Subject: Re: Competition by internal expertise for F/OSS vendors
From: Federico Lucifredi <flucifredi@acm.org>
Date: Wed, 03 Sep 2008 15:10:27 -0400

Wow - better not get on Eben's wrong side :-)

What I find disturbing is not so much the Web side of the discussion 
(where Tim has a valid point), but the insistence on ignoring the money 
aspect. If the "enemy" in many's definition has 20+ billion in the bank, 
monetizing Open Source is a key part of the strategy, and marxist 
statements about people getting rich are just absurd.

A friend comments that Eben likes to take the long view, which is fine, 
but defining the proprietary software models as gone history is not 
something that today we can realistically do, where the largest F/OSS 
software success story we have out there is making 500M$ a year and 
represents very little of the size of the whole Computer or Software 
industries - we need more economical weight to get the patent system 
reformed the right way, and we cannot do it when by far the largest part 
of the industry (by money) is proprietary (or looks that way to to the 
external observer anyway).

Sure, IBM helps, Oracle is playing in the pen with their supercheap RHEL 
clone, Sun's Schwartz looks like a believer, and Google and Yahoo have 
large interests - but I doubt regulators will see it the way we do, and 
they will regulate by "industry", if they bother at all, which does not 
bode well in my view.

So yes, money counts. Aand for one, I am glad for those who did make 
some off clean F/OSS business, because it makes our position factually 
stronger, not morally weaker.

  Best -F

Tim O'Reilly wrote:
> 
> On Tue, 2 Sep 2008, Thomas Lord wrote:
> 
>> From a labor perspective, it is as if the free software movement
>>
>> and open source crowd came together to build the ultimate
>>
>> platform for proprietary software, gratis.   If that had been our
>>
>> goal, we should be popping champagne corks.
>>
> 
> FWIW, I've been saying that for years.  See The Open Source Paradigm 
> Shift: 
>  http://www.oreillynet.com/pub/a/oreilly/tim/articles/paradigmshift_0504.html
> 
> Or even earlier, see my warnings to Richard Stallman at the Wizards of 
> OS conference in 1999:
> http://tim.oreilly.com/archives/mikro_age_of_infoware.pdf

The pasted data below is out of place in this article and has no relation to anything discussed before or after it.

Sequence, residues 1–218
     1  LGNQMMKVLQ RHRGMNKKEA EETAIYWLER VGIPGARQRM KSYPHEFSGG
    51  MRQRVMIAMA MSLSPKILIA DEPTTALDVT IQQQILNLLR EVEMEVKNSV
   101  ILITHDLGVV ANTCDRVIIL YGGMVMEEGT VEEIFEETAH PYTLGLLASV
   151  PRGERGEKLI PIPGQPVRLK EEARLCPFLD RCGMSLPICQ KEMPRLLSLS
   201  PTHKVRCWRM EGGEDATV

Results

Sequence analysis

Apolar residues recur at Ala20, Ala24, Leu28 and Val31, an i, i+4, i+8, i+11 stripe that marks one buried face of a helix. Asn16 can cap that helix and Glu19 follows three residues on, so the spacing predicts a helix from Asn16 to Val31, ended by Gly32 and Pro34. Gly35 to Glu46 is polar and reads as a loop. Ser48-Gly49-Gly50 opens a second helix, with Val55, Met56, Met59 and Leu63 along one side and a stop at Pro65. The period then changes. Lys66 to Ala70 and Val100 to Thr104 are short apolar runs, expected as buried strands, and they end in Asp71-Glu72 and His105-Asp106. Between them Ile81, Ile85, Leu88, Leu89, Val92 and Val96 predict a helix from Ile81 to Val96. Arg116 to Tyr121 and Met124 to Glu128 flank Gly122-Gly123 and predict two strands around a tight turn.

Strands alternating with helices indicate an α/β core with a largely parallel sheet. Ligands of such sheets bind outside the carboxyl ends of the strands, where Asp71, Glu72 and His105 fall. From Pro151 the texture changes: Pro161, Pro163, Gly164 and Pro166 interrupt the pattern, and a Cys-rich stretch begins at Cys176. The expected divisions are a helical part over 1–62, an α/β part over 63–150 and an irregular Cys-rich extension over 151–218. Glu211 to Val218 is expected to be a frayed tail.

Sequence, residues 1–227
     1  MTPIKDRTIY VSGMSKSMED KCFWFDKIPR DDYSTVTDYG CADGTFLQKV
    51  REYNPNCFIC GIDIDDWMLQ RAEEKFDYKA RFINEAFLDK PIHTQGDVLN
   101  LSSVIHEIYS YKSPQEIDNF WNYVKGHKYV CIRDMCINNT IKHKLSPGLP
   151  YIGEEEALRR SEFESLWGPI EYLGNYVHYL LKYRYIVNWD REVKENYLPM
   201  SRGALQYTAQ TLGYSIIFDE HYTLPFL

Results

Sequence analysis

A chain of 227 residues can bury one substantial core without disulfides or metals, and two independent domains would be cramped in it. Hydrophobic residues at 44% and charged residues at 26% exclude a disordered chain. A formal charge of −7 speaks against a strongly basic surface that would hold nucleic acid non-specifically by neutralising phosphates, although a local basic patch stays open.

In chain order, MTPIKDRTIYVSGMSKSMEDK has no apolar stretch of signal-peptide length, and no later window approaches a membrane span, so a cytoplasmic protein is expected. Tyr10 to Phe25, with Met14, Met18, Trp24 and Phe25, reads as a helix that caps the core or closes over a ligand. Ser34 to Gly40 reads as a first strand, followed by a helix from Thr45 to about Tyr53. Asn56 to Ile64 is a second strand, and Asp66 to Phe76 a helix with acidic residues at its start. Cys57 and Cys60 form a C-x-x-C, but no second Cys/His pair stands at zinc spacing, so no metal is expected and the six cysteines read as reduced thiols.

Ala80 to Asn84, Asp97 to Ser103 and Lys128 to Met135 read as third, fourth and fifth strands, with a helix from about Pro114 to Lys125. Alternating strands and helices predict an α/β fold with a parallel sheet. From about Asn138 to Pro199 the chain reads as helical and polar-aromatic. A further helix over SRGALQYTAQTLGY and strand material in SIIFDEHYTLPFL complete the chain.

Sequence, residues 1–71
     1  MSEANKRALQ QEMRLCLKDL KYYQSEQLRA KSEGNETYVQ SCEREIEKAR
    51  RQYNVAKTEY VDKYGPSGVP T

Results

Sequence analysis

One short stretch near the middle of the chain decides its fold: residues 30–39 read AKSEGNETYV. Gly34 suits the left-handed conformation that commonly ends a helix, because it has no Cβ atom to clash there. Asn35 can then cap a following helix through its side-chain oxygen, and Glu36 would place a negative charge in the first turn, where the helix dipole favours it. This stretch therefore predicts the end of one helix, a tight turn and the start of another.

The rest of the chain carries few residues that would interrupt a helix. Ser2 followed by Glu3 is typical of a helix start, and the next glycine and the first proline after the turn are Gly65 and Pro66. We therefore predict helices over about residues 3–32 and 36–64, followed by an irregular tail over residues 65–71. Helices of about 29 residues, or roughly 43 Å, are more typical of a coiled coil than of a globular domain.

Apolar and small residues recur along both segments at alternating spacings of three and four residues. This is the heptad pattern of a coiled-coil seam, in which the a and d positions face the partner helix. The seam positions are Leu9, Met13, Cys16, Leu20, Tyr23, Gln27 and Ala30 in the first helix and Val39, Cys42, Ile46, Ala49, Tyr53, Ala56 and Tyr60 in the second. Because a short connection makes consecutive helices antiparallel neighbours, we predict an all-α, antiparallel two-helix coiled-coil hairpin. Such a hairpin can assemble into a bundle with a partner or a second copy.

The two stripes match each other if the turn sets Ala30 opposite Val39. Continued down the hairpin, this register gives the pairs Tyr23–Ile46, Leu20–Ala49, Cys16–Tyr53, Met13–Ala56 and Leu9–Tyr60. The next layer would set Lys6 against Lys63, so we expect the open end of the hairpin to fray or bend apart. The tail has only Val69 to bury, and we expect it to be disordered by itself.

> 
> This is just one more step in that direction.
> 
> And also FWIW, I've been castigated as recently as last year by the FSF 
> for saying that.  See my attempt to interview Eben Moglen about this 
> issue at OSCON 2007: 
>  http://radar.oreilly.com/2007/08/my-tonguelashing-from-eben-mog.html
> 
> Eben wasn't having any, preferring to ascribe my talking about Web 2.0 
> as pandering to the money folks, rather than seeing that I'd been 
> warning that the F/OSS crowd had better watch where their innovations 
> were taking the industry.
> 
> Lots of good things about web 2.0, including an architecture of 
> participation at the user data layer, but freedom it ain't.  It could 
> have been different if the F/OSS community had recognized a long time 
> ago that this was about more than software, and the implications for 
> free software when software moved to the cloud.
> 
> But this isn't all bad.  The world is a better place than it was in 
> 1999.  Just has new challenges.  Fighting the old wars doesn't get us 
> anywhere.  What is the right battle to fight for user freedom today?
> ____________________________________________
> Tim O'Reilly, Founder and CEO, O'Reilly Media
> 1005 Gravenstein Highway North, Sebastopol, CA 95472
> 707-827-7150   tim@oreilly.com <mailto:tim@oreilly.com>
> http://www.oreilly.com, http://radar.oreilly.com
> 
> 
> 


-- 
_________________________________________
-- "'Problem' is a bleak word for challenge" - Richard Fish
(Federico L. Lucifredi) - flucifredi@acm.org

My thoughts are my own, not my employer's. Duh.